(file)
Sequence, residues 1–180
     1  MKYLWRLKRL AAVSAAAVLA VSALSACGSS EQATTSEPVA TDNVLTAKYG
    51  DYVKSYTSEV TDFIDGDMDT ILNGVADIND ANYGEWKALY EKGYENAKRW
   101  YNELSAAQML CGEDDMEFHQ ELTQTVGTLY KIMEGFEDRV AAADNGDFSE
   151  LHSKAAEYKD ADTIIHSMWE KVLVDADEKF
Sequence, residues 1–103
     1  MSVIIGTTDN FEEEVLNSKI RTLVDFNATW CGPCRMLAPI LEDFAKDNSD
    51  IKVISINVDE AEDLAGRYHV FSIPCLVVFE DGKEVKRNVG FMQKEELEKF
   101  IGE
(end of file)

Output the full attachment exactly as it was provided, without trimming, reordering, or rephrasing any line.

Sequence, residues 1–180
     1  MKYLWRLKRL AAVSAAAVLA VSALSACGSS EQATTSEPVA TDNVLTAKYG
    51  DYVKSYTSEV TDFIDGDMDT ILNGVADIND ANYGEWKALY EKGYENAKRW
   101  YNELSAAQML CGEDDMEFHQ ELTQTVGTLY KIMEGFEDRV AAADNGDFSE
   151  LHSKAAEYKD ADTIIHSMWE KVLVDADEKF
Sequence, residues 1–103
     1  MSVIIGTTDN FEEEVLNSKI RTLVDFNATW CGPCRMLAPI LEDFAKDNSD
    51  IKVISINVDE AEDLAGRYHV FSIPCLVVFE DGKEVKRNVG FMQKEELEKF
   101  IGE